“Rav Noach was a unique visionary who believed that every Jew was innately interested in their Jewishness, but because of the lack of education was ignorant of the wealth of their heritage,” said Rabbi Yitz Greenman, the executive director of Aish HaTorah New York/Discovery. “He saw it as his mission to make Judaism relevant to an apathetic generation. He was incredibly successful over the last 50 years at reigniting the spark of Jewishness in hundreds of thousands of Jewish souls.”

Like the Chabad-Lubavitch movement, whose vast global network comprises what is probably the best known and most successful outreach effort in the Jewish world, Weinberg believed the greatest challenge facing Jewry today was the loss of Jews to ignorance, apathy and assimilation. He spoke of a spiritual holocaust that was depriving the world of more Jewish souls than the actual Holocaust. His disciples at Aish headquarters in Jerusalem would frequently invoke war metaphors to describe the struggle they were engaged in to save the Jewish people.

To drive the point home, Weinberg led a delegation of Aish rabbis to Poland in 2006, a journey that became the subject of a film, “From the Ashes.”

“Why did we come here? Why did I come and ask all the fellas, all the rabbis, to come?” Weinberg asks in the film. “To wake us up. The time is drawing closer. We are losing more neshamas [souls] every day than we’re gaining. We’re in trouble. We got to wake up.”

Weinberg is lauded for taking a non-judgmental approach to outreach. He welcomed atheists and non-believers to his yeshiva, saying he would make them better atheists. He even reportedly allowed a practicing Muslim to study at Aish, even though the student prayed five times a day to Mecca.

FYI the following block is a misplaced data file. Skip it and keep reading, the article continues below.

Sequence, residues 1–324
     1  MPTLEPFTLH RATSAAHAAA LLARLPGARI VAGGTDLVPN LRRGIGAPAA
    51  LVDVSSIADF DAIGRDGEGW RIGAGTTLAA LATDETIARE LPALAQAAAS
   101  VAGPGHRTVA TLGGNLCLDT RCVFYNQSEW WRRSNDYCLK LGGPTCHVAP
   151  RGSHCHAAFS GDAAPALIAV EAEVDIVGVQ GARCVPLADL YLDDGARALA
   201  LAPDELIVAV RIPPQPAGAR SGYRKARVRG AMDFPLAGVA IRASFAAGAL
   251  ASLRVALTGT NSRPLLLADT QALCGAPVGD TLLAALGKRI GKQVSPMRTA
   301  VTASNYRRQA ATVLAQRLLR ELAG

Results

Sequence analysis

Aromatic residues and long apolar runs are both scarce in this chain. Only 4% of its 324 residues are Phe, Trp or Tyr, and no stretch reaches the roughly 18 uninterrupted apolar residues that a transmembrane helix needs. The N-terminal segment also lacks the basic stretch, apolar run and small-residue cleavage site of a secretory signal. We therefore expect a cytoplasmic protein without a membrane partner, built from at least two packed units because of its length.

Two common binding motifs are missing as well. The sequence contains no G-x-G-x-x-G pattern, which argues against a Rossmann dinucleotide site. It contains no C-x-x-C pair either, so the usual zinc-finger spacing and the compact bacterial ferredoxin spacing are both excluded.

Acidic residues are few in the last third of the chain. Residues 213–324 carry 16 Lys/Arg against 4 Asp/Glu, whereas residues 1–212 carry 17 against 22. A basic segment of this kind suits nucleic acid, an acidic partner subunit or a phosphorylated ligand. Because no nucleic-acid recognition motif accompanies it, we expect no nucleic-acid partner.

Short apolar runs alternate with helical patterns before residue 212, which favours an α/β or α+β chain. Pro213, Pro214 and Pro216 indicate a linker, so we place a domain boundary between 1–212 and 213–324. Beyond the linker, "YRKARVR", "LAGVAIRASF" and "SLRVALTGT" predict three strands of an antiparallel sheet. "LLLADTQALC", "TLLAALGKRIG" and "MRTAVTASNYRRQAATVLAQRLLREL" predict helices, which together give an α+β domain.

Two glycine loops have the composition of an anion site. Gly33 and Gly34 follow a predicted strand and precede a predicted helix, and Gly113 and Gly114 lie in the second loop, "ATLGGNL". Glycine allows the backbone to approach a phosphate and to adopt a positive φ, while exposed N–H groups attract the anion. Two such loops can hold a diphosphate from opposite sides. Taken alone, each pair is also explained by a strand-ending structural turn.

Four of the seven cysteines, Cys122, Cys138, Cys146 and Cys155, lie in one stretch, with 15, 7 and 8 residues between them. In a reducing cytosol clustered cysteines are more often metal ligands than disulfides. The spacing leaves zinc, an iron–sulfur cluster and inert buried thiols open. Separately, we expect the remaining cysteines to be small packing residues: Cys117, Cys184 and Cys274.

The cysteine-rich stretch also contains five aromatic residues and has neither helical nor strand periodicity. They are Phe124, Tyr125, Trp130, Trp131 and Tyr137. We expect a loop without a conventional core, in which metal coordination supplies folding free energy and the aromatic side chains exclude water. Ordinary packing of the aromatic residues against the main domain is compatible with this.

“A lot of Orthodoxy’s outreach was always tinged with judgmentalism – not always, but often,” said Samuel Heilman, a sociologist of American Jewry and a critic of what some observers describe as Orthodoxy’s rightward drift. “Both Chabad and Rabbi Weinberg found you could reach out to people without having to force them to deny who they were, and not be quite as judgmental. And that was a key element. Now we take that for granted.”

Unlike Chabad, Aish principally relies not on the warmth and charisma of its emissaries but on presenting a rational, cogent argument for God’s existence and the unique mission of the Jewish people. For a time, Aish was virtually synonymous with the popular Discovery seminars, a series of lectures on topics such as Bible codes, Genesis and the Big Bang, and Jewish history, that collectively attempt to present a logical and scientific case for the divine origins of the Torah.

Aish also differs from Chabad in another crucial respect: Chabad’s emissaries often are the children of emissaries themselves and the movement’s most dedicated cadre, steeped in its values from an early age and charged by the movement’s late leader, Rabbi Menachem Mendel Schneerson, to retrieve Jewish souls from the far corners of the world.

Weinberg, after trying and failing several times to start outreach efforts in the 1960s and 1970s, realized he needed to populate his organization with individuals who once were secular. Only they, he believed, understood the urgency of the task.

“He had a way about him,” said Adam Jacobs, a rabbi at the Aish Center in Manhattan who first encountered Aish as a secular Jew studying at Brandeis University and eventually found his way to Jerusalem. “He was so focused on other people and it was so genuine the way he would interact with other people. He paid attention to people in a way I don’t recall seeing ever before.”

Rabbi Shalom Schwartz, one of the original group of students who joined Aish in 1974, said Weinberg always emphasized the need for students to apply their studies to real-world problems. He recalled Weinberg once blasted a Time magazine article that accused Israel of unleashing biblical justice on the Palestinians and, in later years, he insisted on confronting the threat of radical Islam.

“He was very, very concerned about the current rise of anti-Semitism and the situation in Iran,” Schwartz said. “He made a point of pressing whoever would listen to him that these are not normal times. This is a time when every concerned human being has to take up the cause of confronting militant Islam, and especially the threat from Iran, and that this is a responsible position of every caring – not only Jew, but every human being. This is from day one in his teaching.”